Italy En Primeur

A Word from Philippa Saunders

Italian Buyer at Stannary St Wine Co.

Italy really does offer something for everyone. One of the oldest wine producing countries in the world, it is home to over 3000 indigenous varieties and 20 different wine growing areas. A country where food and wine are intrinsically interlinked, it takes the term ‘diversity’ to another level. From the mountains of Alto Adige to the sun-drenched South, it is the extremes of landscape and climate that make Italy one of the most exciting wine regions. Improvements in winemaking and viticulture management, especially over the last 10-15 years means that quality has never been better.  Furthermore, when compared to some of the world’s most renowned regions, even at the top end Italy can offer incredible value for money. Over the past two years, we have completely revamped our Italian portfolio to include some of the country’s very finest producers. We are therefore delighted to present you with our first ever En Primeur Italian offer, which features all of the latest releases. Many of these wines are only available in small quantities and we may have to allocate some of them. Those that are in particularly short supply have been highlighted. All wines will be shipped during 2018. Wines are listed from North to South. Find the full offer here.





       Italy En Primeur

A Brief Note on Recent Vintages

The overall quality of 2013 in Piedmont is very good. Think more finesse than power, the elegance of the vintage is undeniable despite alcohol levels of around 14.5%. Temperatures were relatively cool but good weather in September/October meant harvest could be delayed until mid-late October - one of the latest in recent years. The wines have great perfume, a cool fruit profile and refreshing acid with a profound, but fine tannic structure. It is without doubt a vintage where ‘terroir’ emerges in the resulting wines.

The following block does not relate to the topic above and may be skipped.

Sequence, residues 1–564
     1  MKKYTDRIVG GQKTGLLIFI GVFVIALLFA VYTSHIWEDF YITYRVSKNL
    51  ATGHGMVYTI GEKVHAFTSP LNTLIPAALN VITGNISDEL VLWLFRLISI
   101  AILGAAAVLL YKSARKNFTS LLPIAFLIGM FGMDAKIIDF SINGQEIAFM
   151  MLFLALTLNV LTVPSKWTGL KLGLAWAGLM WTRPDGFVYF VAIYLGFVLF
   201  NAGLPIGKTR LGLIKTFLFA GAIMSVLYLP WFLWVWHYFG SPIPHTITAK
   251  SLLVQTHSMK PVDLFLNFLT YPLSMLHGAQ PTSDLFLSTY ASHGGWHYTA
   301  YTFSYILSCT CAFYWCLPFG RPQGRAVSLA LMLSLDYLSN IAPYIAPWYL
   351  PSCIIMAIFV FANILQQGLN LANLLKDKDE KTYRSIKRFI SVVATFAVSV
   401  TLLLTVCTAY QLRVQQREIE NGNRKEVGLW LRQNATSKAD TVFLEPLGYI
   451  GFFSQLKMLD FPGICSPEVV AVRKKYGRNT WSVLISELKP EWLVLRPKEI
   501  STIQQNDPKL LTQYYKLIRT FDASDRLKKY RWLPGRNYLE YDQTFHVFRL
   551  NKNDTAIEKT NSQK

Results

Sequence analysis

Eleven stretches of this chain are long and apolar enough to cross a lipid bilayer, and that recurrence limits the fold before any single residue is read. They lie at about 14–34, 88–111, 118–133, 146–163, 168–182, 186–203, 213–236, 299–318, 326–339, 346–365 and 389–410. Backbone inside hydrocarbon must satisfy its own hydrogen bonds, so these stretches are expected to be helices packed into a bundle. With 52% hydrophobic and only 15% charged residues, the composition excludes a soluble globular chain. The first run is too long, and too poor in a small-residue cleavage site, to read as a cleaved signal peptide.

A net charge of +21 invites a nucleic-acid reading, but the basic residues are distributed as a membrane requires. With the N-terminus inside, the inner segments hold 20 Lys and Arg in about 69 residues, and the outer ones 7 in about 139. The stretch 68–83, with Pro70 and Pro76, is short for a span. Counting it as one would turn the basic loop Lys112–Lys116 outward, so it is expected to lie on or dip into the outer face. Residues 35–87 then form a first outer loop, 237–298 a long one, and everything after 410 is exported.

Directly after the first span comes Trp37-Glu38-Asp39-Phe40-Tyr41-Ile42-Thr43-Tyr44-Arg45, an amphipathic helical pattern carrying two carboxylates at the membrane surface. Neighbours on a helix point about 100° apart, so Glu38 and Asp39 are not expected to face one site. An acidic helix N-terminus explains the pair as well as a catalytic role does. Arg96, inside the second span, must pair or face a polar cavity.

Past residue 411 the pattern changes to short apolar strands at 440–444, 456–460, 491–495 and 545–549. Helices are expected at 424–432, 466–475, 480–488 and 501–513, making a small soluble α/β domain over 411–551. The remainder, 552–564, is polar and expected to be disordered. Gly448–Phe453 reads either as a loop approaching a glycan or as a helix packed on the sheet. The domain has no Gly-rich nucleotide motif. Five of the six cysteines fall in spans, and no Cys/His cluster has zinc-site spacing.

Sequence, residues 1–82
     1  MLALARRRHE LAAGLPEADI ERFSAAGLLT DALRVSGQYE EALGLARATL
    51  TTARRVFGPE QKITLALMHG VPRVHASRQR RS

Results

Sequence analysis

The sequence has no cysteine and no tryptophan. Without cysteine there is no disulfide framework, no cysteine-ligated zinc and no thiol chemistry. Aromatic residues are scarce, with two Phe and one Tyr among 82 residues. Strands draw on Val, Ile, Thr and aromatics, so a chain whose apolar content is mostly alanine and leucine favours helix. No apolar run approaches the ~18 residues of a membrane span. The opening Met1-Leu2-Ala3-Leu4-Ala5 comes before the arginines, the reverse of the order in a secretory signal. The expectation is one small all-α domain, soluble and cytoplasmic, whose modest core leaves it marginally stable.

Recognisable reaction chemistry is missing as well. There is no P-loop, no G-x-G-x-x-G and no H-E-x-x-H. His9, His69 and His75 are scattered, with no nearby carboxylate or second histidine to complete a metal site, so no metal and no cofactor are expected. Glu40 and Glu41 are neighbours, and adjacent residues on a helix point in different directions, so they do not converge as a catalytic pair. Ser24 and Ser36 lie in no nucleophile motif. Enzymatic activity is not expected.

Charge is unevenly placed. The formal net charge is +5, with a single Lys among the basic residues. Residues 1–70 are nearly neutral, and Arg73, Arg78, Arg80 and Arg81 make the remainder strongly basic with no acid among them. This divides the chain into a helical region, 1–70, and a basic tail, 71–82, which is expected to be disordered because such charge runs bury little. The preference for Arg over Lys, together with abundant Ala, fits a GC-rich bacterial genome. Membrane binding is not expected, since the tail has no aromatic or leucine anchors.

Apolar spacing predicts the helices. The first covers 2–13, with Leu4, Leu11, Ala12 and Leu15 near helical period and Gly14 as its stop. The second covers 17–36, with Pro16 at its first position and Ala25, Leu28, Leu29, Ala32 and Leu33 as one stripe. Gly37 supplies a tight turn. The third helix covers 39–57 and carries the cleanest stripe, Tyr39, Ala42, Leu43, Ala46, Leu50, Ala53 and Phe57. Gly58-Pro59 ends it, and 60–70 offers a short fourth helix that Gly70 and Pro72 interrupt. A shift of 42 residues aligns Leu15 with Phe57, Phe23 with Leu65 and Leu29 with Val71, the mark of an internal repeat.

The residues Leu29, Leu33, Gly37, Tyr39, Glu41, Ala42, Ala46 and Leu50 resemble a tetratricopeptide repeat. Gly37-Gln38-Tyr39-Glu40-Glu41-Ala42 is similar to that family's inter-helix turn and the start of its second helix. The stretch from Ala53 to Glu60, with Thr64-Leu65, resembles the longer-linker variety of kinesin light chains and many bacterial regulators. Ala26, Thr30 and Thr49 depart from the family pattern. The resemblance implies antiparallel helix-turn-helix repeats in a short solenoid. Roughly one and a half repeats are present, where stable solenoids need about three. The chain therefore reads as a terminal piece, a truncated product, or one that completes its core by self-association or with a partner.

2013 in Montalcino was a cooler year than 2011 or 2012. However, climatic conditions rarely tell the whole story. Despite a wet spring and an uneven summer, September was warm and dry so grapes stayed healthy. 2013 Brunellos seem to be more complex than 2012 and have better balance than 2011. They have character, structure and depth. It is a vintage that shows the elegance and restraint of Sangiovese rather than the big, rich, tannic side. Most wines are between 13-14% (in 2011 they were more like 14-15%) and have a pure, transparent fruit character with bright acidity.

2014 will go down as a challenging year for growers in many parts of Italy. In Piedmont, painstaking and timely work in the vineyards was needed throughout the summer. Green harvests were stricter than usual in order to increase the quality of the fruit. By the end of the summer, weather conditions had improved and a good September helped the grapes achieve full maturation. Careful attention was needed during vinification, but the resulting wines from good growers are graceful, refined and elegant – indeed quite Burgundian.


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